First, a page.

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Desk Set

Desk Set (or His Other Woman in the U.K.) is a 1957 romantic comedy film directed by Walter Lang[?] and starring Spencer Tracy (as "Richard Sumner") and Katharine Hepburn (as "Bunny Watson"). Its screenplay was written by Phoebe Ephron[?] and Henry Ephron[?] from the play by William Marchant[?].

Warning: Wikipedia contains spoilers

The Plot

Desk Set takes place at the "Federal Broadcasting Network" (a transparent alias for NBC, given that the exterior shots are of Rockefeller Center). The network is negotiating a merger with another company but is keeping that secret so far. To enable the employees to cope with the extra work from the increase in the company's size, the network head has ordered two computers. When they find out the computers are coming, the employees jump to the conclusion the computers are going to replace them, and that misunderstanding leads to classic comedy.

Views of Desk Set

As a movie, Desk Set has often been criticized, but the critics differ somewhat over whether the main problem was the unbelievable characterizations in the original play or the casting of Tracy and Hepburn in those parts. Watson, for example, is a capable executive running the reference library (a key department for the network), but she buys a formal gown on approval in the breathless hope her executive boyfriend (who has been stringing her along for the past seven years) will ask her to the Country Club dance this Christmas -- the same boyfriend (played by Gig Young[?]) who is her boss and gets his promotion to vice president because of the departmental budget she finalizes for him from his working draft. With the public, however, no film would be a financial flop if it was about Tracy and Hepburn sparring wittily with each other and then agreeing at the end to marry, and the comedy is, indeed, witty and entertaining -- as much so today as then, which is one reason the film is a classic.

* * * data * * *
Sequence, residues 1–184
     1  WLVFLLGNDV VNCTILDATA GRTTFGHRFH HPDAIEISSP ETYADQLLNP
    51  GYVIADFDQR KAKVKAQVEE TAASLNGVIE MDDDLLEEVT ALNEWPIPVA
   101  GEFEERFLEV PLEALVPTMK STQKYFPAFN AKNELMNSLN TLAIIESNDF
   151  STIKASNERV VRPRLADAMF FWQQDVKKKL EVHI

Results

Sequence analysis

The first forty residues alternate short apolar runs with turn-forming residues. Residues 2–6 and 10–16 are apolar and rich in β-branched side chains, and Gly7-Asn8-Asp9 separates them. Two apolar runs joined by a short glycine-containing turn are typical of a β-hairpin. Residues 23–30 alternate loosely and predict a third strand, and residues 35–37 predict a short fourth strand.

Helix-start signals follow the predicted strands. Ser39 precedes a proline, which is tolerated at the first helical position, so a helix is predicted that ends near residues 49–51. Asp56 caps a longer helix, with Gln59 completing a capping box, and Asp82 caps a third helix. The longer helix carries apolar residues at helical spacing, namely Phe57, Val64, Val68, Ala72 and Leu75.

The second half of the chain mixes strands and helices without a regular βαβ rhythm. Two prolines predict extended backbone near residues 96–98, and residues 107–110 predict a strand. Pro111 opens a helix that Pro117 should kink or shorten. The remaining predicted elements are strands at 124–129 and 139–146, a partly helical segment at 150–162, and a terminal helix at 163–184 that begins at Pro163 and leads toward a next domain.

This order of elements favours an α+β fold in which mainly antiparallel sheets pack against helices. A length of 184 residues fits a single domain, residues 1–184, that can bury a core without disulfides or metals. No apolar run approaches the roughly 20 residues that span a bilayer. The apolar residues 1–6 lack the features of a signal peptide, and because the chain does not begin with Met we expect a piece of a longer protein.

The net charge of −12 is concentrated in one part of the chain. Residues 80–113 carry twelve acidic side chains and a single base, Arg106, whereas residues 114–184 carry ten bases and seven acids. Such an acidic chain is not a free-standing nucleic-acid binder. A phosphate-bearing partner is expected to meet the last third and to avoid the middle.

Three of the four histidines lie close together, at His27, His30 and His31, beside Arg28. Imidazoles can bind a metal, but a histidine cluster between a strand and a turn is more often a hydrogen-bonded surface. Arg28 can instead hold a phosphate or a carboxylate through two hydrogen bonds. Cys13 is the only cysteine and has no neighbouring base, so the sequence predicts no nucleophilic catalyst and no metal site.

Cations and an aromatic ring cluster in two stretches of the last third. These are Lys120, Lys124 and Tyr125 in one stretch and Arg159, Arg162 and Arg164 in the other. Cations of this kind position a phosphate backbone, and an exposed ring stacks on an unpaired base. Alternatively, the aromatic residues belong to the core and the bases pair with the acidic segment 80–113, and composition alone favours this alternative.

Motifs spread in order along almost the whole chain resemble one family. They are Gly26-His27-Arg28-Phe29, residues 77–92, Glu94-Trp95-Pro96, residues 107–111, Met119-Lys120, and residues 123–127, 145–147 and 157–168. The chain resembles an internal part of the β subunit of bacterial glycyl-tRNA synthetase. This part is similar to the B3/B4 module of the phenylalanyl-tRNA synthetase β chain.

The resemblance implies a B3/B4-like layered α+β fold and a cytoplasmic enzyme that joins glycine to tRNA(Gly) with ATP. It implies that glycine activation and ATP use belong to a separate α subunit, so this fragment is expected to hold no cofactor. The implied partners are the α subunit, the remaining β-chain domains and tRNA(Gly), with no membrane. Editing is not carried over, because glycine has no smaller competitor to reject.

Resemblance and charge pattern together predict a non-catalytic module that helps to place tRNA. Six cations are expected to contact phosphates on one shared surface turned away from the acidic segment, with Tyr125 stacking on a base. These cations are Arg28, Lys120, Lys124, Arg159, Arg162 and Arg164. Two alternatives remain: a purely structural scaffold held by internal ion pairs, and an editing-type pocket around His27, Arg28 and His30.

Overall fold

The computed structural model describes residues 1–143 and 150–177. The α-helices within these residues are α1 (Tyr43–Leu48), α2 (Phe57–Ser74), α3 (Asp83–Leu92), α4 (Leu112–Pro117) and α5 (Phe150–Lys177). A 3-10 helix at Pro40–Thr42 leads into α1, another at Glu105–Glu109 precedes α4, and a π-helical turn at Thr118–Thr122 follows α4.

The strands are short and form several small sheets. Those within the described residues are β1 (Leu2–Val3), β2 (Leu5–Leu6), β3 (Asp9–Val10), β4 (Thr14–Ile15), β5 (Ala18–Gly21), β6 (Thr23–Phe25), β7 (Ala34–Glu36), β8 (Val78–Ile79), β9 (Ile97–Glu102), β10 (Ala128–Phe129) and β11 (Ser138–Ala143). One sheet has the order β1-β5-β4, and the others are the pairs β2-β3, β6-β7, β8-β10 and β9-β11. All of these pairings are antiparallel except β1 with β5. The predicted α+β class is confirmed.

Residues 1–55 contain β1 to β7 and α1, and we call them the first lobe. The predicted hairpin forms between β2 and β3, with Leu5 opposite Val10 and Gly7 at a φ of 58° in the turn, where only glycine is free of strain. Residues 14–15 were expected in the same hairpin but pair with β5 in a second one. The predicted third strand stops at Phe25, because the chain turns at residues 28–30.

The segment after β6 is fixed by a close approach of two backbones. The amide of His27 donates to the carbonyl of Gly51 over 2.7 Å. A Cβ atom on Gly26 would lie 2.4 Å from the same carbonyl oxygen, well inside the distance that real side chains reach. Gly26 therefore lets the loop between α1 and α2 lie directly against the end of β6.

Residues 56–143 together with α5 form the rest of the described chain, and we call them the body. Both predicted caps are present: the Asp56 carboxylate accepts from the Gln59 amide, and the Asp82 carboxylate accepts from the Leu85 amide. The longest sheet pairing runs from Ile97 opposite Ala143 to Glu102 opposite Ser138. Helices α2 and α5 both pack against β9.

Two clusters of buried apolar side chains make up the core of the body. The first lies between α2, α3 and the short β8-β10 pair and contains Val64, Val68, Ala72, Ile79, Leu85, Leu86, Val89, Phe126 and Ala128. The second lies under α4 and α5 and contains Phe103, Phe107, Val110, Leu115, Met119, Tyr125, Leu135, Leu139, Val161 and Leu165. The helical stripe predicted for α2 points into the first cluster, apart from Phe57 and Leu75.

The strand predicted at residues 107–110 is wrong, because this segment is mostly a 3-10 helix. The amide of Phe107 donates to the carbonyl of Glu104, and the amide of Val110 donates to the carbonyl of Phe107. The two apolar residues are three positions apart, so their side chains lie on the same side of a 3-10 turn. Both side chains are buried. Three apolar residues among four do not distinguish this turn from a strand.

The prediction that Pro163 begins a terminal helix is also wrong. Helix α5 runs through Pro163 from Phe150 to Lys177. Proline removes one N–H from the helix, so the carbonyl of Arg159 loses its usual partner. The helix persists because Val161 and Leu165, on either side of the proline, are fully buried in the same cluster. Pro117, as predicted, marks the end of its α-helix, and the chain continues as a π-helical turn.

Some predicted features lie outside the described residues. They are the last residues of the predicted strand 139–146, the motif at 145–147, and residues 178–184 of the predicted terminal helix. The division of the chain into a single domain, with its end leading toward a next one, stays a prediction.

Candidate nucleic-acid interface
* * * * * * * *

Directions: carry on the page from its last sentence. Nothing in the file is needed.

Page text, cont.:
The movie's real importance, though, is as propaganda, using that term in its broadest and most favorable sense of a public relations effort to convey a message of social significance to some population. At the beginning of Desk Set, right after the credits, is a message about how much IBM helped in making the movie; at that time IBM had not quite finished establishing its dominance over the computer market, but computers were already starting to replace whole offices of clerical workers, and most Americans did not know much more than that about computers. This movie would prepare them for what computers were about to do to their society.

In the movie, Sumner is a computer engineer (called an "efficiency expert" then but perhaps a "hacker" now) who is installing the two computers he has just sold FBN: one for the payroll department, and one for Watson's reference department. This showed, decades before the Internet was ever dreamed of, that besides its role as a calculating machine, the computer would revolutionize information storage and retrieval, too.

The room-sized EMERAC units (which is the size computers really were then) are portrayed as big, mechanical babies that need a safe environment (preparing people for the air-conditioning (both temperature and filtration) requirements and other engineering considerations of real computers then) and human beings, not only to program and maintain them, but to love them, too, for them to be able to carry out their intended missions. The explicit moral of the story, articulated by Sumner/Tracy so no one can miss it, is that a computer is not a monster that will take people's jobs away but a tool that will make their work easier and more enjoyable. One of the implicit morals is that computer people may seem a little quirky at times, but they are basically nice people.

External link to Desk Set (http://us.imdb.com/Title?0050307) IMDb page



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